Editor's Note: Welcome back to Belt Loops. It's been a while since you've seen this former recurring feature. Belt Loops, for those of you who didn't have the privilege of reading it before, is essentially a link dump. A composite of links to articles, and content, from all around the web, typically focusing on a singular topic.
But really, Belt Loops is more than that. It's an examination of topics from another angle. Shining a new light on a story you've heard before, or in some cases introducing you to stories you haven't. Starting today, Belt Loops will take you on this journey every Sunday. Rain, or shine.
In a great piece on ESPN.com Jeffri Chadiha examines the changing nature of small school prospects in the NFL Draft. The MAC plays a prevalent role in this feature, and understandably so.
The Mid-American Conference has been, for some time, home to some fantastic under-the-radar talents. Randy Moss, Jack Lambert, Ben Roethlisberger, James Harrison, Jason Babin, Antonio Brown and countless other past and present NFL superstars once roamed the fields of the Mid-American Conference.
But until recently many of the MAC players had to make careers either as undrafted free agents, or lower round Draft picks. Players such as Byron Leftwich and Roethlisberger were higher draft picks, but they were rare, and still not considered amongst the elite. But that all changed last year when a former high school punter turned CMU offensive tackle went No. 1 overall. When Kansas City selected Eric Fisher with the top pick in the 2013 NFL Draft it didn't just mark a historic moment for the MAC, it marked a new age of the NFL Draft.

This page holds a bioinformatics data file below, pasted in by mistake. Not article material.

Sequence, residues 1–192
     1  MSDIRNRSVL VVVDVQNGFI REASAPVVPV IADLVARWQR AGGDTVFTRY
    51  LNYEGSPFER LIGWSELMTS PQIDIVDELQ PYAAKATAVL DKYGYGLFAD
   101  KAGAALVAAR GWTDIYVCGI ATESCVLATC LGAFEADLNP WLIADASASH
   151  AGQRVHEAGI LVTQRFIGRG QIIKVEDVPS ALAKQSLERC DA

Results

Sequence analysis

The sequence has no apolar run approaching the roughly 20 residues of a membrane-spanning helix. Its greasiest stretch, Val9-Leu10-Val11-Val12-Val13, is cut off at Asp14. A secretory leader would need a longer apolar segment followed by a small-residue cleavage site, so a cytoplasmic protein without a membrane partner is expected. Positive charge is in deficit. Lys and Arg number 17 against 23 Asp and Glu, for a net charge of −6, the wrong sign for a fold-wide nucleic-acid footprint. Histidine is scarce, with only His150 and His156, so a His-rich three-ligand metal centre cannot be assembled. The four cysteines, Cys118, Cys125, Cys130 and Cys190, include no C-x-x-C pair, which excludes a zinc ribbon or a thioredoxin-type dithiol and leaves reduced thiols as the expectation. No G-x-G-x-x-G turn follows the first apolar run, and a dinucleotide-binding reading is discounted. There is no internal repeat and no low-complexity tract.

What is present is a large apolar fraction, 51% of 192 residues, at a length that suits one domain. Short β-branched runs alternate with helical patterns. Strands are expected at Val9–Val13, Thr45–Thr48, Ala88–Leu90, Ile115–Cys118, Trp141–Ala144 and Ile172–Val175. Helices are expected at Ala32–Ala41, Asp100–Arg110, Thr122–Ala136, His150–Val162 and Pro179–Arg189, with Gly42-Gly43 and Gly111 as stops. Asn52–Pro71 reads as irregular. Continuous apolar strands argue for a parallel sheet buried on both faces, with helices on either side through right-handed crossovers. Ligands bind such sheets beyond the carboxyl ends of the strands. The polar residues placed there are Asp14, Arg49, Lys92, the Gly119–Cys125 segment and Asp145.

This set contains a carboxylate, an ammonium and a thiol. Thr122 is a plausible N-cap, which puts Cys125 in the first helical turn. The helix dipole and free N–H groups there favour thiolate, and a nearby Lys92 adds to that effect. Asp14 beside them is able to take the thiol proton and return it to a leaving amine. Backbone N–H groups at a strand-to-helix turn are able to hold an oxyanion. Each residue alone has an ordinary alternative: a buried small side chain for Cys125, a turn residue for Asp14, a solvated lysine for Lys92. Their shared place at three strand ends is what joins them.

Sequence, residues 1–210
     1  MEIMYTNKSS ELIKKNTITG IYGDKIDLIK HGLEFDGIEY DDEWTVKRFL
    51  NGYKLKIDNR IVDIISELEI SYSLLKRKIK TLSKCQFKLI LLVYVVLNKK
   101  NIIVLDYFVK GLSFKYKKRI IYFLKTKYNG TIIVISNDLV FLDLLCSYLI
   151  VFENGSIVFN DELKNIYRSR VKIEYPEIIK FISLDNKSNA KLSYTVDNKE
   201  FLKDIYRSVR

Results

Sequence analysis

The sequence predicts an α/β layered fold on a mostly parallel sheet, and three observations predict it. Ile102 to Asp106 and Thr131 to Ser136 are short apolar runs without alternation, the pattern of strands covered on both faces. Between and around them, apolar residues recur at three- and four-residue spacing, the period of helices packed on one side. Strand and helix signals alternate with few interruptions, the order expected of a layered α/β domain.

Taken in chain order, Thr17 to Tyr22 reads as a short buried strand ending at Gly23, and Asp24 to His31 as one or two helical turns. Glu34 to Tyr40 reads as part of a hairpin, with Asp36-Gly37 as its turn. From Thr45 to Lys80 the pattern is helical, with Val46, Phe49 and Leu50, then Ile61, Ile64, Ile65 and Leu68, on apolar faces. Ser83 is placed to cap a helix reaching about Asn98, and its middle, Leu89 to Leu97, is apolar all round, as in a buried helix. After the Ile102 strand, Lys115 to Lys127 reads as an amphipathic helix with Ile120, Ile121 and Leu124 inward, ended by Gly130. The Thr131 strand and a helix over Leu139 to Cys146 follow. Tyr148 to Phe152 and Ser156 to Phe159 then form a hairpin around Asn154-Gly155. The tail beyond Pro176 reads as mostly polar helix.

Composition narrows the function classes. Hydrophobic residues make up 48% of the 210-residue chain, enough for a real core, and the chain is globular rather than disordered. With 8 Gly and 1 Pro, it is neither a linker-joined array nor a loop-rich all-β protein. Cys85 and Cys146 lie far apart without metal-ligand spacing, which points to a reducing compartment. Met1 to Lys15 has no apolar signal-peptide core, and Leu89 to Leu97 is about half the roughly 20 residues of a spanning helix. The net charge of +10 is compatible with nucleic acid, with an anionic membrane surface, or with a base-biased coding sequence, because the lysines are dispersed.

Buffalo linebacker Khalil Mack has a shot at giving the MAC the repeat. It's no secret that many NFL DRaft experts view him as the best pro-ready talent in the Draft. Even those that don't hardly have him outside of their Top 3. The casual fan still knocks Mack for a "lack of competition", but in this day and age scouts know better than to rely on that, especially when your looking at a once-in-a-decade talent such as Mack.
But it's not just the Mid-American Conference taking advantage of this rise of Mid-Major prospects. Blake Bortles, the UCF (a former MAC team by the way) quarterback, also has a legit shot of going No. 1 overall. In fact, we could wind up with a handful of mid-major players going in the first round, and in one of the more loaded Drafts in recent history.
But how do small conferences keep turning out these elite level prospects? Well, quite simply, these players have been there for years. The NFL is just now opening its eyes to them.
In this Bleacher Report post (not a slideshow, victory for humanity!) Brian Pederson examines what makes Mack such an intriguing prospect in the NFL Draft.
As mentioned above, Mack is near the top of every NFL Draft experts board, and in the top 3 of most. Mack's sitting up there above Heisman trophy winners, above Alabama super-humans, and in some cases above the monster himself, Jadeveon Clowney. But why?